The cover story in today’s Time magazine is extremely long, and comes to the conclusion that I, and really anyone who is serious about analyzing health policy comes to:
Prices are high because market structure allows hospitals monopoly power over pricing. Health insurers only have limited monopsony power, with Medicare exercising the greatest amount.
Now you have a half hour of your life to do something besides read the cover story. You’re welcome!
If you are a thinking person, the conclusion that you would easily come to is that we should increase the power of the monopsony buyer — i.e cover more people under Medicare. And that is certainly what the theory of second best would tell you. And I agree that if universal coverage is your goal, you should jump in 100% by having government run the payments system.
However, there is another option, here stated by Matthew Yglesias, that is more pernicious:
The other [policy option] would be to adopt all-payer rate setting rules—aka price controls—keeping the insurance market largely private, but simply pushing the prices down. Most European countries aren’t single payer, but do use price controls. Even Singapore, which is often touted by U.S. conservatives as a market-oriented forced-savings alternative to a universal health insurance system relies heavily on price controls to keep costs down.
My question is where are the costs going to shift when the US implements price controls? We already — rightly or wrongly — subsidize world consumption of medical innovation. Now, in reality, when you go to the doctor, most of the what happens to you ranges from useless to harmful. So it is almost certain that we can cut fairly deeply into innovation and perhaps improve welfare. But the reality of medical research is that the vast majority of it is useless. Big name pharmaceutical companies are known to plow their billions in profits from blockbuster drugs like Viagra and Prozac into fruitless drug pipelines…but every once in a while we do get a Viagra. Now Prozac didn’t cure cancer, nor does the new potential wonder-drug Modafinil, but both have a measurable impact on quality of life…so if we want all of the wasted billions to continue, there needs to be a possible revenue source. Price controls prevent that.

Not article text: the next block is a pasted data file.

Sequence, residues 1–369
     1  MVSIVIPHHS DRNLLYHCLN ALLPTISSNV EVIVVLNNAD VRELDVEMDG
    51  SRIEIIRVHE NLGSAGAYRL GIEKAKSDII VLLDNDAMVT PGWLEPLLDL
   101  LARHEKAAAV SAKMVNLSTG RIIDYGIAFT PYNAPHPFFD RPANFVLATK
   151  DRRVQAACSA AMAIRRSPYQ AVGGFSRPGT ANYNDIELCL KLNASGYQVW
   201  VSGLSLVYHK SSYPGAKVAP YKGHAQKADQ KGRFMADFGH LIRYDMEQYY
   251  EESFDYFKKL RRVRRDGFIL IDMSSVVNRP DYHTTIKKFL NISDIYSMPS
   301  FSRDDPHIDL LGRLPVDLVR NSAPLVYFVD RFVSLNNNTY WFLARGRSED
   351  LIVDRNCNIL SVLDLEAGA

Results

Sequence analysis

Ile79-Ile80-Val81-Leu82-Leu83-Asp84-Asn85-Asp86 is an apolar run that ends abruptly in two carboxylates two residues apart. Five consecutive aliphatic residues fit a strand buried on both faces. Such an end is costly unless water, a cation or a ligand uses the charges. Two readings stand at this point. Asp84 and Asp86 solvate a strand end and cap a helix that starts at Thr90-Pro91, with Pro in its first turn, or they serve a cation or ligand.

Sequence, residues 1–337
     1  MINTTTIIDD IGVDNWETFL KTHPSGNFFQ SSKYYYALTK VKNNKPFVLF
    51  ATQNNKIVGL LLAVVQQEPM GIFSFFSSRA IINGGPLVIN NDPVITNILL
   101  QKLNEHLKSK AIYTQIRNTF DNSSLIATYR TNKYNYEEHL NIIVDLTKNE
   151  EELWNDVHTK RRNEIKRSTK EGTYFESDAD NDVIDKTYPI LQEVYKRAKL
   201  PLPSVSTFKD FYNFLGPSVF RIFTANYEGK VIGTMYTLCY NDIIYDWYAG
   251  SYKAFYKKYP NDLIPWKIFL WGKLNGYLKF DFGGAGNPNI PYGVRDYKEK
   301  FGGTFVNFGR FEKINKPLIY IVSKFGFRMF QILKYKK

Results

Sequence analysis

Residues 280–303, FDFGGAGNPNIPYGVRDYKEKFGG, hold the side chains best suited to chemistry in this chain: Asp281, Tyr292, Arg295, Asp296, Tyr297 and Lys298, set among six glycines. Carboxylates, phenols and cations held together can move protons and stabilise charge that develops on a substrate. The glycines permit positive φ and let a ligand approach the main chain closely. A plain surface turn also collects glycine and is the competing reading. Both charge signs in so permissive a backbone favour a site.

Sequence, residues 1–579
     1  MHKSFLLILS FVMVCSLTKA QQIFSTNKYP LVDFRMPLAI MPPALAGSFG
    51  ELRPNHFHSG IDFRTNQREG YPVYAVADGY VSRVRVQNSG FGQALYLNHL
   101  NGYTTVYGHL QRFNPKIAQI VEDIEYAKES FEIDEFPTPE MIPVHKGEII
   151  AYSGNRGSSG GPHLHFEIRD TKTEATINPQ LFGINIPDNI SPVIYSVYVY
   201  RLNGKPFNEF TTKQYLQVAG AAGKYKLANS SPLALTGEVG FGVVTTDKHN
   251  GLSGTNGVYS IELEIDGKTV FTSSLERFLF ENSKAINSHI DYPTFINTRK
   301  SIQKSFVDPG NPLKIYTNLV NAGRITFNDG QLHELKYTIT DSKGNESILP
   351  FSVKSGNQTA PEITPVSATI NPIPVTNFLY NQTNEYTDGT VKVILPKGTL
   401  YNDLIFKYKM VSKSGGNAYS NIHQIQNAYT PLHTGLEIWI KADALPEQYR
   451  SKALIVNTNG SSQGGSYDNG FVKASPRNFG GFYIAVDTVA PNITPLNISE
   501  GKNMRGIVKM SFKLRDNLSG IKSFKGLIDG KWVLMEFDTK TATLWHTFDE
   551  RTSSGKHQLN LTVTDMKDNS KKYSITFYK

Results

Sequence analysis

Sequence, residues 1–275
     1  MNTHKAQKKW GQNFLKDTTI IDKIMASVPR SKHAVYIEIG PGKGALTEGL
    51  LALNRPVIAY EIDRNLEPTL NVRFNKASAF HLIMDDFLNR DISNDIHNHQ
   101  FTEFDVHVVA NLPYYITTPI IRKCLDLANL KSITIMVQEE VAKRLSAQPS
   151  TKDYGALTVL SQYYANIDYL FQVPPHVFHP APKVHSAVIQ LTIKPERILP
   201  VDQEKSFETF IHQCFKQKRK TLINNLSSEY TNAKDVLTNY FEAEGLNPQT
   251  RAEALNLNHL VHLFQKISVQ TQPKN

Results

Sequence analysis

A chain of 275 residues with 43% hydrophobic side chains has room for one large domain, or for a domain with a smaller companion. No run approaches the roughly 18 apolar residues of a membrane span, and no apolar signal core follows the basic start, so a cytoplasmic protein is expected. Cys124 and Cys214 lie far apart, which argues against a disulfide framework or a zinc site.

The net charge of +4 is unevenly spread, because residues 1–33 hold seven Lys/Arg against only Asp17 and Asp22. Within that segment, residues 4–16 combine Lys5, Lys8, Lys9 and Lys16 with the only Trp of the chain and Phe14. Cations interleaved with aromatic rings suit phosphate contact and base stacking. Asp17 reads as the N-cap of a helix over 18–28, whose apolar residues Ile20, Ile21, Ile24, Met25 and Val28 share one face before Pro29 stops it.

What is that I hear? The subsequent call after price controls to publicly fund all R&D? No way. Don’t you know the slippery slope is a fallacy.
P.P.S. I realize that a lot of medical research is publicly funded already. That wasn’t the point I was making.